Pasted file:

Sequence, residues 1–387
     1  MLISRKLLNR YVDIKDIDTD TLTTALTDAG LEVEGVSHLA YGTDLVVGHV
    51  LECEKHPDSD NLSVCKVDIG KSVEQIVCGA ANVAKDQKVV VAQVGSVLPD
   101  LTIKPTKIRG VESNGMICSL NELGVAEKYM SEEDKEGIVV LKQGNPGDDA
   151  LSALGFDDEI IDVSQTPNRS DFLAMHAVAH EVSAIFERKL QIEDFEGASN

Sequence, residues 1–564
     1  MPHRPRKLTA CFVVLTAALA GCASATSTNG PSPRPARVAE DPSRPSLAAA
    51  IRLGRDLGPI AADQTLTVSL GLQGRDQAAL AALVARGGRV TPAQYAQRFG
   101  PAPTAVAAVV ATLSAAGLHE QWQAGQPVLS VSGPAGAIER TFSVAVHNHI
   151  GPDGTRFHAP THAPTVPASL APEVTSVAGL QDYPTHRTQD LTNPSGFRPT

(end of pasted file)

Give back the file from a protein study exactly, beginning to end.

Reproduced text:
Sequence, residues 1–387
     1  MLISRKLLNR YVDIKDIDTD TLTTALTDAG LEVEGVSHLA YGTDLVVGHV
    51  LECEKHPDSD NLSVCKVDIG KSVEQIVCGA ANVAKDQKVV VAQVGSVLPD
   101  LTIKPTKIRG VESNGMICSL NELGVAEKYM SEEDKEGIVV LKQGNPGDDA
   151  LSALGFDDEI IDVSQTPNRS DFLAMHAVAH EVSAIFERKL QIEDFEGASN

Sequence, residues 1–564
     1  MPHRPRKLTA CFVVLTAALA GCASATSTNG PSPRPARVAE DPSRPSLAAA
    51  IRLGRDLGPI AADQTLTVSL GLQGRDQAAL AALVARGGRV TPAQYAQRFG
   101  PAPTAVAAVV ATLSAAGLHE QWQAGQPVLS VSGPAGAIER TFSVAVHNHI
   151  GPDGTRFHAP THAPTVPASL APEVTSVAGL QDYPTHRTQD LTNPSGFRPT